By Matt Fields, MD, FACEP
Dear EUS Community,
I am extremely honored to be your section chair for 2016-2017! I look forward to working with you all to continue the tradition of excellence and productivity our section has produced for decades. Hats off to John Bailitz on an incredible 2015-2016!
For the upcoming year I have a number of goals, but the ones I want to start with are the big “C” words - Certification, Credentialing and Collaboration. When I was finishing fellowship I was troubled by the fact that after I graduated I really had no document that explained the year of training I had just received. Within EM, people knew about ultrasound fellowships and trusted the word of my fellowship director (despite his thick British accent). But outside the EM world there can be confusion. I was recently discussing this issue with an applicant who pointed out that in this way ultrasound fellowship actually more resembles an “apprenticeship” than a fellowship. When I thought of that word I could only think of two things: the dark ages and the reality TV show of our president-elect - neither of which should describe our specialty.
Ultrasound fellowships have existed for over 15 years and as a community we have produced a massive amount of education, research and policy literature. We have sophisticated guidelines that the entire world looks to. We have overcome impossible hurdles from external entities and sometimes our own colleagues. Ultrasound fellowship training is intense and those who pursue it deserve a level of recognition that is commonly and easily understood across the field of medicine.
In order to achieve certification of fellows and credentialing of fellowships, we rely on another “C” word - collaboration. We have waited for years on ABEM to move forward with recommending Clinical Ultrasound as an ACGME accredited fellowship. We continue to work with ABEM in this effort. Meanwhile we are actively working with other groups including the Society of Clinical Ultrasound Fellowships (SCUF) and the Academy of Emergency Ultrasound (AEUS) to create the framework and tools that will be necessary to actuate the process. ABEM has promised to make a decision on the future of the CSQCC – Certificate of Special Qualifications in Continuing Certification (this was previously called the certificate of focused expertise - CFE) in February of 2017. While we hopefully anticipate movement in the direction of some form of certification, we will ensure progress with all of the above efforts. My hope is that we can all agree on a future vision together and quickly.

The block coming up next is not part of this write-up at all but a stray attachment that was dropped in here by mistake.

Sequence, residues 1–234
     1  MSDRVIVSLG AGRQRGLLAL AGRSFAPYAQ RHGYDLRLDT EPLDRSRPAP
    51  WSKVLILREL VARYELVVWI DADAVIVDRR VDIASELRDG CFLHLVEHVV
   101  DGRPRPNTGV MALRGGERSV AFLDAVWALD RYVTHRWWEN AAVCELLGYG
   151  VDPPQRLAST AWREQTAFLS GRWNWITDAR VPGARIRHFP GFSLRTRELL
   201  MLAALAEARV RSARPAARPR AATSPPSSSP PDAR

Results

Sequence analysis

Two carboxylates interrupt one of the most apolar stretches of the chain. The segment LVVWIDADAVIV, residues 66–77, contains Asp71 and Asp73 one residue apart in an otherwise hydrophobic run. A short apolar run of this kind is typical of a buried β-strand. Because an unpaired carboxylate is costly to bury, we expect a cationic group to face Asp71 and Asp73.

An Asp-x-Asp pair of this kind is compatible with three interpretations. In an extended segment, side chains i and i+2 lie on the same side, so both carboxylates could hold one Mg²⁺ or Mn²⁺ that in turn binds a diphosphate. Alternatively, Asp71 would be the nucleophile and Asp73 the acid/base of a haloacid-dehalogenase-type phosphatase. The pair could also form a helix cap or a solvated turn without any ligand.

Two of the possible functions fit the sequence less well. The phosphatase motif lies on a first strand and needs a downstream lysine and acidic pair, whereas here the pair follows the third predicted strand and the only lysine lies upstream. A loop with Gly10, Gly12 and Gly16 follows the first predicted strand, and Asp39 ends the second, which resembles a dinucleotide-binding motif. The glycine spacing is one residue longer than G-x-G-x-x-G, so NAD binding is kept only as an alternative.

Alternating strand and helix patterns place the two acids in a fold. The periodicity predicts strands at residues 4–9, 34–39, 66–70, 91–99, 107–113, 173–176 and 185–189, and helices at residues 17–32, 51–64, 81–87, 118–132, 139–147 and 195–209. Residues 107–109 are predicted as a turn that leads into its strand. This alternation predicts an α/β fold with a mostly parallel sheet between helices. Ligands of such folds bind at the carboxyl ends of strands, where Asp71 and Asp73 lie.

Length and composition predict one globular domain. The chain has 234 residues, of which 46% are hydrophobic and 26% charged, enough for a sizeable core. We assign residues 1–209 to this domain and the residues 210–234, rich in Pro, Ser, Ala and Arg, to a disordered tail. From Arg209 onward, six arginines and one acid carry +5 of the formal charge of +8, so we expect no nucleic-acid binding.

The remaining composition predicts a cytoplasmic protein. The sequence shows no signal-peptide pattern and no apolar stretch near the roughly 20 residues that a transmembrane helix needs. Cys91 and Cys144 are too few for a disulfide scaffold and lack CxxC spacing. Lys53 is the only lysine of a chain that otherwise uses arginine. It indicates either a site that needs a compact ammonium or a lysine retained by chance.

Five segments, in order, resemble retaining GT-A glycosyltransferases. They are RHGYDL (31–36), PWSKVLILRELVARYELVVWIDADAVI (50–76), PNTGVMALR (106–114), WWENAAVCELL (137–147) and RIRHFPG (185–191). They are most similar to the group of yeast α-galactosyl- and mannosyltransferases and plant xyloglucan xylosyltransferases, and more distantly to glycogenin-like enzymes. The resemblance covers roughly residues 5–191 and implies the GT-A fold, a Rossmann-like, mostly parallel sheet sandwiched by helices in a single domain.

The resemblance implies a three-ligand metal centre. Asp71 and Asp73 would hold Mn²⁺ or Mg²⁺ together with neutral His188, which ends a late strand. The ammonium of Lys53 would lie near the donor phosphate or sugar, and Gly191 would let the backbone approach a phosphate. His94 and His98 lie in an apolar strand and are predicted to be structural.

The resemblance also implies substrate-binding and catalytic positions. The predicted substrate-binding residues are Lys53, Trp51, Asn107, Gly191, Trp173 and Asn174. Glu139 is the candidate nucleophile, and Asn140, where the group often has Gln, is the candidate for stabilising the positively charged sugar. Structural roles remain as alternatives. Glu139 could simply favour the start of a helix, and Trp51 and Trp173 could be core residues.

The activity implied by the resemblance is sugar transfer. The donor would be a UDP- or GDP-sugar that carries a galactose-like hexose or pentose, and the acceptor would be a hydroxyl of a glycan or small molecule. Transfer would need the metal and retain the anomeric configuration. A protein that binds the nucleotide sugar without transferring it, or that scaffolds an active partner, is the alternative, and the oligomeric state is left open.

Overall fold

When I’m speaking about certification I want to be clear that I am only speaking about the advanced ultrasound training that is typically acquired during fellowship. Our section and the Emergency Ultrasound guidelines (2001, 2008 and 2016), have always maintained that the residency training or a practice pathway leading to credentialing in core modalities is implicit certification and therefore no EP should ever need to obtain additional certification for the routine use of emergency ultrasound. I bring this up for two reasons: 1) To make sure we are all on the same page and 2) to draw your attention to a new organization who is attempting to provide certification for core emergency ultrasound modalities - The Alliance for Physician Certification (APCA) - a division of the American Registry for Diagnostic Medical Sonography (ARDMS).
ARDMS has created APCA solely for the purpose of certifying physicians in point of care ultrasound. Many of us have interacted with ARDMS to achieve RDMS or RDCS credentials. Going forward these credentials will now be renewed through APCA. In addition, APCA is launching a “POCUS Academy” (apca.org/pocus) which plans to certify emergency physicians in core ultrasound modalities. This “Academy” appears to be nothing more than a profit-driven merit badge system. When I first heard of it, I ignored it, because I believed that it did not pose any threat. While I still believe that to be true, I have also become more aware of the fact that, sadly, many people within emergency medicine aren’t familiar with the guidelines and are confused by these concepts. My fear is that if we are not active in educating our EM colleagues on why an entity like APCA is bad for our specialty then some will sign up for these certificates. If this happens one could imagine that hospital credentialing committees may request this for other providers and insurance companies could demand it for reimbursement. I think this seems far-fetched, but I think we should do everything we can to make sure it doesn’t. I think we should all educate our colleagues within our institutions of these principles. Feel free to use the following speaking points:
On a different note, I would also suggest that those of us with RDMS and RDCS credentials should strongly consider not renewing them. With the creation of APCA, ARDMS is clearly attempting to insert a level of control into our specialty and profit from it. I don’t think ARDMS should continue to be supported by us. Ignoring the POCUS Academy should be easy, but as we move towards certification of fellowship type training I hope we will also supplant things like “RDMS” with letters supplied by our own certification body. I’m excited to get started working towards this and our other section goals! I anticipate it will be a fun and productive year!
ACEP Emergency Ultrasound Section Chair 2016-2017